You’re casually talking about the housing market with a REALTOR® you’re interested in working with, when the conversation shifts to your personal financial situation.
The Realtor stops the conversation and politely asks you to sign a form called “Disclosure of Representation in Trading Services” (DORTS) before they can continue.
This may seem a little sudden, but it’s perfectly normal. In fact, this means this Realtor is following the rules the BC government put into place.
Having professional representation is important when you’re looking to buy or sell a home. Realtors are required to inform you, up front, about your representation options. This is what the DORTS is for.
When do you need to sign a DORTS?
Realtors can share factual information about the properties they list for sale. They can also give factual information about the real estate market at large.
You would need to sign a DORTS if you wanted to ask them for advice or wanted to discuss personal information, like your financial situation, why’d you’d like to buy or sell, or any other information that could affect a real estate negotiation.
Realtors are only able to discuss this information with someone they represent, or with someone who understands they’re not being represented and what that entails.
What does a DORTS do?
This document explains what your options are when it comes to representation and ensures you acknowledge that you understand these options.
It outlines the advantages of working with a real estate professional and what their legal obligations are to you if they provide you client (agency) representation.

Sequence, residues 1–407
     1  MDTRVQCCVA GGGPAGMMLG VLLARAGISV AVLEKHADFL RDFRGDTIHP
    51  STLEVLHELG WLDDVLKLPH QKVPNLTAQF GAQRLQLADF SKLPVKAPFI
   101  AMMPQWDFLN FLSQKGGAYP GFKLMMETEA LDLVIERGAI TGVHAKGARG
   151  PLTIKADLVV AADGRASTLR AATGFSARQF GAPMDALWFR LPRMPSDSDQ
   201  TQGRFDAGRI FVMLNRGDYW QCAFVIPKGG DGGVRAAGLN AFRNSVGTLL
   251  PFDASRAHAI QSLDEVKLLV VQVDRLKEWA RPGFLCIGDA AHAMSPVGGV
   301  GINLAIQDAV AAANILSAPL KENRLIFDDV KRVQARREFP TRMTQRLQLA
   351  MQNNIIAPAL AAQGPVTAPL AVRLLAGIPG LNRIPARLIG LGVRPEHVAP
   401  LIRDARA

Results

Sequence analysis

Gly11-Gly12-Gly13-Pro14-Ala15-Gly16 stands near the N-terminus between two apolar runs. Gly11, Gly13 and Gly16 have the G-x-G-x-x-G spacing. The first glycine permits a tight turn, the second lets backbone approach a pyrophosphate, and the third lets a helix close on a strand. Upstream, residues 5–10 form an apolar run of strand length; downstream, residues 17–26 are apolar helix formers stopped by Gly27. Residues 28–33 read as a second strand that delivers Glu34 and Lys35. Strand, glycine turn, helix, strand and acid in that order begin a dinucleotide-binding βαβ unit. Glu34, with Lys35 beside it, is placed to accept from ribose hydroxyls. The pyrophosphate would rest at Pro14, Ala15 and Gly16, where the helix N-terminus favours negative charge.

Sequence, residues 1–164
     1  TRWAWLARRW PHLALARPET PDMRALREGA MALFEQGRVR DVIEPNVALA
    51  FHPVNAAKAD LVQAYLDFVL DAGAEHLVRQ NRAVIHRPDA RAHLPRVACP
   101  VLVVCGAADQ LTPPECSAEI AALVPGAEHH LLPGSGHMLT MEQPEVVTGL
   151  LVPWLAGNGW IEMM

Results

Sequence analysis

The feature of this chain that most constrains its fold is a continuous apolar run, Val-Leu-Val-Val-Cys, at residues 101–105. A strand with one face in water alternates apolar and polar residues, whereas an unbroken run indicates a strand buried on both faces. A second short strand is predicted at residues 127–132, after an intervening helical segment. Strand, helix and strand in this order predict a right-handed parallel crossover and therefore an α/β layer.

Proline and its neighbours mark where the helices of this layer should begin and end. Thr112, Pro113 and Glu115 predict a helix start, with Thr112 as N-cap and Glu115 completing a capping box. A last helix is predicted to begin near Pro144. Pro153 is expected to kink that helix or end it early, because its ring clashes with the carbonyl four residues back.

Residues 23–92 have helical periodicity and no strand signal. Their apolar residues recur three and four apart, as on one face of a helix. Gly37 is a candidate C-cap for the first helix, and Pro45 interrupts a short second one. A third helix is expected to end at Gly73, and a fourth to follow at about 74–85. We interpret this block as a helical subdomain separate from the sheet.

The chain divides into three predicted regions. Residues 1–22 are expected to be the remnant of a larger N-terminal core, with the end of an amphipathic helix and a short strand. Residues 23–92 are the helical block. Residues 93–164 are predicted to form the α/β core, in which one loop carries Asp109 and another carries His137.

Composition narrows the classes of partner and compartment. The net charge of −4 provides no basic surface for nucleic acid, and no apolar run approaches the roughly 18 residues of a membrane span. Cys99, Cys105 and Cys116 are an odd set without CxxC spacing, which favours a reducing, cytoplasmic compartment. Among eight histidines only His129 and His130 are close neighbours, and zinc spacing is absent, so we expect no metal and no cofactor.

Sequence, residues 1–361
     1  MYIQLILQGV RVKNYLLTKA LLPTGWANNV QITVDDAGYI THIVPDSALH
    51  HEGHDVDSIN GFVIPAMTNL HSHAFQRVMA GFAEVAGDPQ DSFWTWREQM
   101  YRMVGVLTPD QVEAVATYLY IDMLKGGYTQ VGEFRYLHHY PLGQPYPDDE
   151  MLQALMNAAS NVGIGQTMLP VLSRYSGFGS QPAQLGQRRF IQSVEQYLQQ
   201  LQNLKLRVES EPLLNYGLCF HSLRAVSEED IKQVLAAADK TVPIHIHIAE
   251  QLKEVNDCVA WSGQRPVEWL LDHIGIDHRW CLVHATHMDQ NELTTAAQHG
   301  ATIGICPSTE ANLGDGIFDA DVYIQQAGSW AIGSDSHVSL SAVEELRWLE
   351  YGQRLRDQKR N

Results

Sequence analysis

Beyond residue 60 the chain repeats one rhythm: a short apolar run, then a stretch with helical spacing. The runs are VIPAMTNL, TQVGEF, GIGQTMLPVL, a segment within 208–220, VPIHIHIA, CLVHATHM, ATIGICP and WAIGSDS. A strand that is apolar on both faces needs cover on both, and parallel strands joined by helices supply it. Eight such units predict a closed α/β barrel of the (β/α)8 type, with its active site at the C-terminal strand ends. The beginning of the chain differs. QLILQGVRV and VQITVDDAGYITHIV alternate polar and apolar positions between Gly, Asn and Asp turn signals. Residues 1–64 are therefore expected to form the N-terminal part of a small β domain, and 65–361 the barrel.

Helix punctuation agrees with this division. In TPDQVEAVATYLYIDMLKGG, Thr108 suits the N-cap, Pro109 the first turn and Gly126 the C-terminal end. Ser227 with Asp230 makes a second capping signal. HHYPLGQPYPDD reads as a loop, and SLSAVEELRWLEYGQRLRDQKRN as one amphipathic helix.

It also details the pitfalls you can encounter if you decide to be unrepresented (no agency) in a real estate transaction.
Read through the form carefully, and speak with the Realtor, to fully understand the types representation available to you.
If you choose to continue unrepresented, a Realtor will ask you to sign a form called the Disclosure of Risks to Unrepresented Parties. This form outlines that you understand you’re unrepresented and what that entails.
Ultimately, if you’re unsure about the situation, just ask. Remember, Realtors are professionals that deal with these issues every day – they’re there to help!
When you decide you want representation, you’ll form an “agency” relationship with your Realtor. This means your Realtor is legally duty-bound to protect your interests. For example, an agent has fiduciary duties of loyalty, confidentiality, and disclosure to a client.
Once you establish agency, your Realtor becomes your agent and a professional advisor. They can:
- Help you adopt a sound negotiation strategy based on industry knowledge and experience and can negotiate on your behalf.
- Help you market your home and/or buy a home and become a link with other Realtors to locate homes that meet your needs.
- Handle the different contracts and paperwork involved in a transaction.
- Recommend other professionals, such as certified home inspectors, lawyers or notaries, insurance agents, home movers, or contractors.
- Help you analyze the market to find the right home at the right price – or help you get the most from your sale.
DORTS – Disclosure of Representation in Trading Services (Your Relationship With a Real Estate Professional
Disclosure of Risks to Unrepresented Parties (Not a Client Know the Risks)
Still looking for more information?
Talk with your Realtor or check out the BC Financial Services Authority’s website at www.bcfsa.ca